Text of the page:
‘Hope and Gravity’ provides a unique experience 

By Daniel Morgan, Editor

“Hope and Gravity” was not what I expected it to be as the Hilltop Players pieced together a story far more interesting than what I had in mind. From beginning to end (or middle to end to beginning?) the cast had me hooked on a funny, serious tale of both hope and gravity, literally and figuratively. 
 
Now, in The Trumpet’s preview article that I co-wrote a few weeks ago, the summary description, as brief as it was, was way off. After reading some plot descriptions, including the one on playwright Michael Hollinger’s website, I believed that the entire show took place in a crashed elevator with the nine characters discovering their connections with each other all in one setting. The show actually takes place in carefully laid-out segments that reveal bits and pieces of the characters’ lives, slowly fitting the pieces of the puzzle together. 
 
The show is split into two acts, but the whole timeline forces you to distinguish the beginning and ending for yourself. Adjunct Professor Maggie Balsley’s direction is shrewdly phenomenal and works seamlessly with Assistant Theater Professor Meta Lasch’s sleek set design, both of which allow the actors to reel in complete focus. 
 
I commend the cast for their genuine performances. While a few of the jokes kind of fell flat, there wasn’t anything I didn’t like about the performances. Each actor played a human being unique to themselves without trying to stand out or steal the spotlight, and that’s why they all shined in their own way. The “Puzzle” roles were pretty cool, too; they literally pieced the story together at the end of every scene.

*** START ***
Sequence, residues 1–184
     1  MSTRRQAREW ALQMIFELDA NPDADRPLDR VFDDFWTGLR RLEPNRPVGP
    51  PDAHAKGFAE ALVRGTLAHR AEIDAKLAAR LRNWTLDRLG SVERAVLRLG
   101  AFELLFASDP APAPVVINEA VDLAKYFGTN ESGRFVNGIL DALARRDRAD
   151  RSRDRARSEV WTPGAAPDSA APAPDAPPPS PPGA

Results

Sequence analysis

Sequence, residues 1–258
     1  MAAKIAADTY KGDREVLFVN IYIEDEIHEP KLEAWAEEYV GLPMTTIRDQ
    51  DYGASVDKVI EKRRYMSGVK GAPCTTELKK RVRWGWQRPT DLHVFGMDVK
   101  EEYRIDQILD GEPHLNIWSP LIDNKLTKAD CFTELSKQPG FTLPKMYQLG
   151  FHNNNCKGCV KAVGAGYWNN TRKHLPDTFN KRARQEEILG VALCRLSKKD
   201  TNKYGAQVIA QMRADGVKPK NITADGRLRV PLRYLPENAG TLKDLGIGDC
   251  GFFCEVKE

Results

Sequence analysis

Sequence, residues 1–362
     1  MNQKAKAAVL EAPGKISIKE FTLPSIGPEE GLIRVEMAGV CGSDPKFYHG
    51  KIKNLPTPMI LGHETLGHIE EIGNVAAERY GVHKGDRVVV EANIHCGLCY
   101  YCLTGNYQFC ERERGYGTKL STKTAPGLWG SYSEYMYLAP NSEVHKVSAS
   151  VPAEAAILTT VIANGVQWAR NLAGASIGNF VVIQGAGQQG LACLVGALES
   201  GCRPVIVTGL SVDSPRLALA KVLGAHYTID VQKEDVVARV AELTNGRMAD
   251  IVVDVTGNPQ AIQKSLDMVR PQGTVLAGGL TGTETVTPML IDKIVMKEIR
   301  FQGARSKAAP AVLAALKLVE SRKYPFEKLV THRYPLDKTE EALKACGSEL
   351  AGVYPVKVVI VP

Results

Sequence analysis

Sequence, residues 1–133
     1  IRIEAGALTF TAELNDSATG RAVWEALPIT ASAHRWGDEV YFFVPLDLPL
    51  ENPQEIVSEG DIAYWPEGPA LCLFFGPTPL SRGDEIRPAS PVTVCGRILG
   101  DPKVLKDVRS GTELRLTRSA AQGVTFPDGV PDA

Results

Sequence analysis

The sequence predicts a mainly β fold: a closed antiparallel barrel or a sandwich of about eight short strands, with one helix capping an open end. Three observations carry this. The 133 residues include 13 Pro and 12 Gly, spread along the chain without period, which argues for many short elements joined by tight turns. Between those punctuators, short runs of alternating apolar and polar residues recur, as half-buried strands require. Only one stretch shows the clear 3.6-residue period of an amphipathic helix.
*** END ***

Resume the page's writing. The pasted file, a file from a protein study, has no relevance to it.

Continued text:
The charming and believable ensemble includes students Carly Balog (Puzzle Two), Alex Burdick (Barb), Anthony Hood (Marty), Sarah Lemley (Jill), Amanda Mandirola (Puzzle One), Zac Morris (Hal), Sydney Nicholson (Puzzle Three), Chris Rees (Peter), Jed Shook (Douglas), Grant Van Camp (Steve), Destiny Walsh (Nan) and Ingrid Young (Tanya).
 
One shout out goes to Rees. He went from initially acting like a creepy scumbag to making the audience laugh out loud with in the second act. 
 
The overall experience was very genuine. There were no frills, just honesty. Small details here and there added to the charming event, from the sounds of an elevator that filled the room before the first act to the participation of piecing together an actual puzzle during intermission. It was enjoyable and made for a fun evening; I pity the girl who sat in front of me and spent the entire time texting. 
 
“Hope and Gravity” continues in the Kelly Theatre of West Liberty University’s Fine Arts Building tonight, Feb. 25 at 7:30 p.m. and Feb. 26 at 3 p.m. 
 
Tickets can be purchased at the door or online

Photo credit: Meta Lasch

 

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